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Rediscovering My Winter Wonderland

By Angela Carson (Bookerc1December 18, 2014

I awoke this morning to a fresh, white world, and as always, was moved by the beauty of it. I am no recent transplant to the Midwest, having lived here my entire life, but there is still something awe-inspiring about the transformation worked in the garden by the first snowfall.

Gardening picture

As I look out my kitchen window into the backyard, I gain a new appreciation for my recently acquired trellis, just installed this autumn. The stark black of the scrollwork and leaves provides a lovely contrast to the brilliant, sparkling white, and giving the eye a nice break from the low, smooth surface of the yard beyond. If only I'd had my camera in hand, ready to snap the unspoiled beauty before the dog and kids charged forth in the morning!


Snowy Shoulders


Nearby, the heavy crossbars of the now-defunct laundry poles, currently supporting only white trellises, sweet peas, and clematis, wear a heavy mantle of white across their shoulders. Runners of white velvet span the picnic table, as well.


The only pops of color in my backyard are the brilliant, iridescent red of the blown glass hummingbird feeders and gazing globes, and the last few neglected tomatoes, hanging forlornly on the drooping brown branches of my tomato plants. Autumn left too abruptly this year, before I had time to complete my fall clean-up and put the tomato cages away for the winter. I grimace at the thought of the volunteer tomatoes that will surely emerge in spring, especially where the 5 cherry and grape tomato plants resided last summer. The tomato cages will have to wait for a warmer day, however. Even the little brown wrens, hiding so effectively in the cover of the peony branches, look cold today!

ImageOutside my front door, my 7-year-old son pauses on the way to the ice-encrusted van to ask why I didn't cut down all the standing stems on the butterfly garden plants. He has been a frequent witness to my seed-gathering and saving, and has even been known to pocket interesting seed heads himself. He touches the brittle heads of the coneflowers gingerly, as if they bore spines. I explain my twofold reasoning: food is scarce for birds in the winter, and coneflowers hold their seeds well above the snow, where the birds can find them. Likewise for the sunflowers and some of the other seed-bearing plants. Secondly, whatever seeds the birds spare may self-sow, filling in gaps in my still-developing perennial garden and providing seedlings to transplant to other areas of the yard or to give away to gardening friends.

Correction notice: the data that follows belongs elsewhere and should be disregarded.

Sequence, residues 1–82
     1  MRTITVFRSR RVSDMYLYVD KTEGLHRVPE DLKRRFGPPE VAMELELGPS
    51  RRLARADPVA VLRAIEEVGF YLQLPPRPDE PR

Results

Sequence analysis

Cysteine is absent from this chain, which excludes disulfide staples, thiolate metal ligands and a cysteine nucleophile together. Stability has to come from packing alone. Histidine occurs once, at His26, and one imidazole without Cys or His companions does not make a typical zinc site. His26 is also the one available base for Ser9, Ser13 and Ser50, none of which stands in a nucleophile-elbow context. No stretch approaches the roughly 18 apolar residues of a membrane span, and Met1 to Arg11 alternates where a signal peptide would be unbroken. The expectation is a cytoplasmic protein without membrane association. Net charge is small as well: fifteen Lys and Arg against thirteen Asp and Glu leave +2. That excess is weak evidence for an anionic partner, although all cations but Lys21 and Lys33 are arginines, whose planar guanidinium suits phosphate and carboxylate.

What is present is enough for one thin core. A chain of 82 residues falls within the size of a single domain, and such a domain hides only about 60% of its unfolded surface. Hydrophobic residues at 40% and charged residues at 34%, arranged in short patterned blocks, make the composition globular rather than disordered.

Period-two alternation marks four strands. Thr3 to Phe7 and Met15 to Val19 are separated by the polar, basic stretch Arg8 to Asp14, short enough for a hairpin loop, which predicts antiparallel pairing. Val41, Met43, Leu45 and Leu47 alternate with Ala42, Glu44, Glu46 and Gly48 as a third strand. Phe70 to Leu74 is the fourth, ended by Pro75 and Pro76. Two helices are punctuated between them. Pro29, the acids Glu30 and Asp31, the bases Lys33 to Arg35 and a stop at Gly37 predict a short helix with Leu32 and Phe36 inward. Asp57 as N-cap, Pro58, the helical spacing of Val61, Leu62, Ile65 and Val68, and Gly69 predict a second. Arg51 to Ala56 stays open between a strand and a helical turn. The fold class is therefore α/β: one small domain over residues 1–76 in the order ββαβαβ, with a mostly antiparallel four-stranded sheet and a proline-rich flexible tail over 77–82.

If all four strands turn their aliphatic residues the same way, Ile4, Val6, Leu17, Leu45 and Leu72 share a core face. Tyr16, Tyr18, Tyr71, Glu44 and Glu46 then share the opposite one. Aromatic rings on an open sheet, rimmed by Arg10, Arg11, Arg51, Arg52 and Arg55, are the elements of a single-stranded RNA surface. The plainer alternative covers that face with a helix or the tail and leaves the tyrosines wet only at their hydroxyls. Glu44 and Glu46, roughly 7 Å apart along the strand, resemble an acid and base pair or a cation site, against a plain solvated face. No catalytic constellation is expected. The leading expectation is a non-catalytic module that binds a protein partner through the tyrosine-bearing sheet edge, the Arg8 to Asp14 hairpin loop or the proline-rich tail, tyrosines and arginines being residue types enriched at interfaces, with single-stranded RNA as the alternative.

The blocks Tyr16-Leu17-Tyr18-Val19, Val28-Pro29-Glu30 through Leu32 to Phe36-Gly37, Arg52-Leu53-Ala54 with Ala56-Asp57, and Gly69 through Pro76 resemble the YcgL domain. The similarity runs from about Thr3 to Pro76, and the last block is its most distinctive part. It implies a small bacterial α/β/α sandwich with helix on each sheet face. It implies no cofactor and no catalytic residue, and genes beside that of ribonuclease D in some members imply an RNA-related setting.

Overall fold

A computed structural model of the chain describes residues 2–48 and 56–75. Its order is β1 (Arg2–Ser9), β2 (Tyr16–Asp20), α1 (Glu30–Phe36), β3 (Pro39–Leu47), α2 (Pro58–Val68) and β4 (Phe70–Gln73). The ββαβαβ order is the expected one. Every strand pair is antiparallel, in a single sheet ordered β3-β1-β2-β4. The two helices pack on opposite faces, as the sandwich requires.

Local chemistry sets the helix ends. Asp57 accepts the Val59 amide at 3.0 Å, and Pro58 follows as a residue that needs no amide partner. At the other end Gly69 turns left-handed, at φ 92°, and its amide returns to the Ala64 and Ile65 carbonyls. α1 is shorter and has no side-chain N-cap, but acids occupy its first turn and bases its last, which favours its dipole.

The little maple tree we pass on the way down the sidewalk surprises me this year. This sapling, only 3 years old, has given me such pleasure! It is one of the last to turn color in the fall, but also is the last to lose its leaves. When all the neighborhood maples are stark and bare, ours is a brilliant crimson. Today, though, it stands bare but for a rudimentary bird's nest and a powdering of snow. I’ve never noticed before today that the younger branches are a deep burgundy red!

How many other hidden beauties do I miss in the garden, assuming that all is dead and brown, in my hurry from warm car to warm house? I silently promise myself to take time to really see my garden, even in the winter season, and remember the art of silent contemplation, even if it means clenching my teeth to still the chattering!

[I'd like to offer my thanks to Ron Reed (IowaRon) for allowing me to use his picture, Purple Snow Cones, above. All other pictures used are my own.


(Editor's Note: This article was originally published on December 7, 2008. Your comments are welcome, but please be aware that authors of previously published articles may not be able to promptly respond to new questions or comments.)



  About Angela Carson  
Angela CarsonAngie was bitten hard by the gardening bug when she was just a child, and has been doing her best to infect as many people as possible ever since! She particularly has a passion for spring bulbs and home-grown vegetables, which she is teaching the next generation how to preserve. Her two sons have obviously inherited her interest in growing things, and her husband is starting to see the benefits of less lawn to mow, as long as he doesn't have to do the work of digging up new beds for her latest schemes! Follow Angie on Google.

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